As indicated above, one aspect includes a distributed named entity recognition architecture for a client-server computing environment 10. The named entity recognizers can be on the client machine 12, the server 16, or both the client machine 12 and the server 16, as illustrated. Named entity recognizers provide information necessary for completing a task performed by an application that can also either be on the client machine 12, the server 16, or both the client machine 12 and the server 16. It is important to note that aspects herein described are concerned with how the named entity recognizers can work with client-server applications and not with how the application may process the data received from the named entity recognizers. As appreciated by those skilled in the art, the applications can take a wide variety of forms. Therefore, for purposes of the present description, it is sufficient to state that the application(s) performs a task based on identified named entities provided to it.

Recognition is performed on the client machine 10 when either there is data that is not available on the server 16 such as machine-specific or domain-dependent information, or when distributing the computational load to the client machine is important. Information that may be domain-dependent might include but not limited to information stored in a “contacts” list of the user such as but not limited to names, email aliases, and addresses of family members or friends. Domain-dependent information can include information related to a local area network such as names, locations, and email aliases of co-workers in a company. Although this information may not be directly stored on the client machine 12, it is readily accessible to the client machine 12 such as accessing a list of email addresses stored on an email server that is otherwise not accessible to the server 16.

One or more named entity recognizers 28 are present on the client machine 12 to perform named entity recognition for the foregoing types of information. For example, an EmailAlias named entity recognizer can be provided to recognize EmailAliases present in the query that relate to a company address book (domain-dependent information), or a recently used email address stored on the client machine as in an email address cache. Another example of domain-dependent information can include meeting room names of a particular company used by the user of the client machine 12. Accordingly, a specific named entity recognizer can be provided to detect meeting rooms present in a query.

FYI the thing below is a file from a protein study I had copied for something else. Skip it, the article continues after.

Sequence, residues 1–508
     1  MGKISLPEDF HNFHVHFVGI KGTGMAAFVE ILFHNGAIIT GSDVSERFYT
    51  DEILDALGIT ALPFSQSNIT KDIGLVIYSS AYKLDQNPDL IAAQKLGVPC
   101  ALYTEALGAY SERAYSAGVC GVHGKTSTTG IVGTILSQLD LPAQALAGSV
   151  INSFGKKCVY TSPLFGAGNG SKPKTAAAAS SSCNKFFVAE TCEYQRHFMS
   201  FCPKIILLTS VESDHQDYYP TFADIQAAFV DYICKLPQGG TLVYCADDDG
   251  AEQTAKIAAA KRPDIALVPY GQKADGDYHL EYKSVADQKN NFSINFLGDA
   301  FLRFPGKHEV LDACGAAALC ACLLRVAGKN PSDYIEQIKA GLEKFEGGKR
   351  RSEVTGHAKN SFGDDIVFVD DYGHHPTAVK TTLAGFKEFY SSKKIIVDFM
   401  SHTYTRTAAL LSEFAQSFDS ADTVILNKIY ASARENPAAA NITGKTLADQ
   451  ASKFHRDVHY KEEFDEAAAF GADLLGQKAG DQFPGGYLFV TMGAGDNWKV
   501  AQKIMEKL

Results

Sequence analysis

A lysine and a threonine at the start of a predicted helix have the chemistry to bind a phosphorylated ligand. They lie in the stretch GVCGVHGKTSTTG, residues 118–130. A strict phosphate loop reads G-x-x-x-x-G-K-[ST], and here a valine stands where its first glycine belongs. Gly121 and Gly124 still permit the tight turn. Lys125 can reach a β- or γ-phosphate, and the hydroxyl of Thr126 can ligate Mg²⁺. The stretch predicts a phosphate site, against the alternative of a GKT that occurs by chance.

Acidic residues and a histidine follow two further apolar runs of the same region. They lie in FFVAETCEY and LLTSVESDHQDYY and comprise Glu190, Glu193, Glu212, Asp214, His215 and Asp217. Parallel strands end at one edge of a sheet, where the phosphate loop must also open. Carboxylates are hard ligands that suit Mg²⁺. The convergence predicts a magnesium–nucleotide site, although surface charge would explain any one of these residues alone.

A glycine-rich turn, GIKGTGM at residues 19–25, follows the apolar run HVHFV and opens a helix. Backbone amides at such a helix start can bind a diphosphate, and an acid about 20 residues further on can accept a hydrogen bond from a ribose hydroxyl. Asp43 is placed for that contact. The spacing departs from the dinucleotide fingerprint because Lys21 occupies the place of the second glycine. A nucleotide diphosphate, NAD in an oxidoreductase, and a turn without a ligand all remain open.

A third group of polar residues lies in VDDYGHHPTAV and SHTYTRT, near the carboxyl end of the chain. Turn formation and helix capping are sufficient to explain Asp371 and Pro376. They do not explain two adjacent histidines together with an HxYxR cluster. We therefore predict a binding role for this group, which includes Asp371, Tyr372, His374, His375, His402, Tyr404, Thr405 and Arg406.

As further noted above, it may be advantageous for performance reasons to also perform named entity recognition on domain-independent named entities such as but not limited to date and time named entities. In some cases, these well-known named entity recognizers can be based on complex grammars or coding rather then on merely a list of possible named entities. For instance, date and time named entity recognition must allow for an infinite number of different dates and times since dates and times do not belong to a closed set. Many times these grammars can be relatively expensive execute when compared to the rest of the system. However, if the client machine 12 is capable of performing such type of named entity recognition (which includes having access to the information needed to perform recognition), the server 16 would not need to be called upon to perform such named entity recognition, thereby reducing server load and allowing the server 16 to serve other client machines. Likewise, there may be instances where the information used by the named entity recognizers is known to both the client machine 12 and server 16, but it would be desirable to have the server 16 perform recognition. Selective use of the client machine 12 or server 16 for performing named entity recognition can be accomplished by suitable communication between each of the client machine 12, server 16, application 18 or even a supervisory module (not shown) as necessary when one or more instances of application 18 and/or other applications are executing. Such communication can include simply the mere request to process the query.

The server 16 can also include one or more named entity recognizers 29. In particular, the server 16 can perform recognition of named entities that would be known on the server 16 and may not be resident on the client machine 12 due to, for example, downloading issues, or not wanting to have redundant client and server models.

The server-side named entity recognizers 29 can include “global” named entity recognizers and/or task-specific named entity recognizers. Global recognizers are a class of domain-independent named entity recognizers for recognizing concepts integers, strings, or Boolean values to name just a few. Likewise, global named entity recognizers can further include but are not limited to recognition of generic names or well-known information such as but not limited to individual states in the United States of America, cities having major airports, etc. These named entity recognizers may be simple lists of words as in the case with names of cities having major airports, or these recognizers may include grammar-based logic. Nevertheless, this kind of recognizer is based on general rules or general data, where no specific application can claim that the data or code is proprietary to it. As such global named entity recognizers would be used by many diverse applications.